Who can forget the kiss, that deep smooch Al Gore shared with Tipper onstage at the Democratic National Convention after his nomination for the presidency ten years ago?
And now, just weeks after their 40th wedding anniversary, what appeared to outsiders as a solid marriage and genuine partnership is dissolving. They told friends by e-mail on Tuesday: "This is a very mutual and mutually supportive decision that we have made together following a process of long and careful consideration." The news was first reported by Politico.
A close friend of the couple said neither of them is having an affair. Other sources reported the couple had simply grown apart. The Gores own homes in Nashville and Montecito, Ca, and the Gore family homestead in Carthage, Tenn. The friend, who insisted on anonymity, said it was unclear where Tipper would choose to live; the couple's grandchildren are all in New York.
The Gores met at his high school prom at Washington's tony St. Albans (the former Mary Elizabeth Aitcheson was there with one of his classmates). And when he went off to Harvard, she entered Garland Junior College in Boston. They married in May, 1970 at the Washington National Cathedral. Both had grown up in this area, Tipper with her mother and grandmother in suburban Virginia after her parents divorced, and young Al and his family in the swank Fairfax Hotel on Washington's embassy row, where they lived while his father, Albert Gore Sr. , served in the House and Senate from Tennessee.
Gore's own political career -- after service in Vietnam and a few years spent in Nashville -- also spanned both chambers from 1976 to 1993. In 1988 he ran for president, but lost the nomination to Michael Dukakis. A year later, their son, Albert, then 6, was badly injured in an auto accident, which scotched another presidential run. By 1992, however, he was on the Democratic ticket, as Bill Clinton's vice president, part of a southern Baby Boom duo. With victory came a move into the vice president's mansion, where Tipper Gore reared their four kids, occasionally played the drums, and where the couple hosted an annual costume party for the press.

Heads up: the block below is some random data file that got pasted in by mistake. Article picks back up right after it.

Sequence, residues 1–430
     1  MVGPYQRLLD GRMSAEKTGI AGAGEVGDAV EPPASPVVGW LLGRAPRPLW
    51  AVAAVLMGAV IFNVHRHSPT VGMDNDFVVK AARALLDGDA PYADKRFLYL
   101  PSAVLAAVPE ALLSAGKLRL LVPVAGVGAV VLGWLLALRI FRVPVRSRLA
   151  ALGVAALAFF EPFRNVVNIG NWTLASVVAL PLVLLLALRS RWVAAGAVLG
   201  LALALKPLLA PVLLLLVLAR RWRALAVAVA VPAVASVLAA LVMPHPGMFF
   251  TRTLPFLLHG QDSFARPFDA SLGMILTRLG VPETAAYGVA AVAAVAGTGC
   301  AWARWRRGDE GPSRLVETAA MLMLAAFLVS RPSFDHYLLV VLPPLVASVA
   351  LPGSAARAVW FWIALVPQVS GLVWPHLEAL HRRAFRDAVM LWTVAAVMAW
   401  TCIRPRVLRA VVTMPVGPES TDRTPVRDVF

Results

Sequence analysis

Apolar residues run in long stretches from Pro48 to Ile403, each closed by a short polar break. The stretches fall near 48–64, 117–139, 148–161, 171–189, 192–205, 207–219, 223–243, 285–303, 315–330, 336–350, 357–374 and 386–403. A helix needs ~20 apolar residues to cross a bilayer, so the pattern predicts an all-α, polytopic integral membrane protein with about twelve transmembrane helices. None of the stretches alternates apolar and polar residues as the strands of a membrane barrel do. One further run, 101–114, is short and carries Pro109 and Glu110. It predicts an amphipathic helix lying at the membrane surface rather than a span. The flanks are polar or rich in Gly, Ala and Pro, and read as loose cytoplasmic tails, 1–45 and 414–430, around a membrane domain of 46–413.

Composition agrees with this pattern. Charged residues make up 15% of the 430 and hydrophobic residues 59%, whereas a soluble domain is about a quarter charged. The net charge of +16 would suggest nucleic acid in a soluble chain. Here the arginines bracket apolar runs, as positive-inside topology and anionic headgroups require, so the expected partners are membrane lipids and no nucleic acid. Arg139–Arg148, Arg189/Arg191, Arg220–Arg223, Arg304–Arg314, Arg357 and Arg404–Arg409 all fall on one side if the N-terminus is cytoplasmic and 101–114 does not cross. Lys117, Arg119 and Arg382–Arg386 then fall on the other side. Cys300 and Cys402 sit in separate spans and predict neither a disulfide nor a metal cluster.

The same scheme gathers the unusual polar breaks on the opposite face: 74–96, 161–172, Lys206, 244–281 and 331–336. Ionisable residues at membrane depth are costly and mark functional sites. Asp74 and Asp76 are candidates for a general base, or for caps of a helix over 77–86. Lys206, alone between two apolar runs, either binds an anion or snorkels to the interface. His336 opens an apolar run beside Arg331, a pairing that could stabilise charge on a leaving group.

Throughout their marriage, Tipper Gore was almost never without a camera, photographing not only her family but official events in this country and overseas. Limited editions of her photos are sold by the Mitchell Gold + Bob Williams home furnishings chain. As Second Lady, she became an activist for mental health initiatives; earlier, in the mid-1980s, as a vocal foe of violent, misogynistic pop lyrics, she was accused of artistic censorship and subjected to rocker mockery by Frank Zappa and others for seeking warning labels on music.
In 1999, after befriending Zappa's widow Gail, Tipper Gore played drums and sang backup on a recording by daughter Diva Zappa.
The kiss that launched Gore's 2000 campaign -- in which he warned against the perils of global warming and promoted new technology even as an adviser convinced him to shift his wardrobe to earth-toned clothing -- did not propel him to the White House. George W. Bush was declared the winner after contested voting and a 5-4 Supreme Court decision.
During the past 10 years, Al Gore won a Nobel Prize, an Oscar and an Emmy for his work on the environment, and the couple traveled widely. In 2005, he founded Current TV, an interactive cable network.
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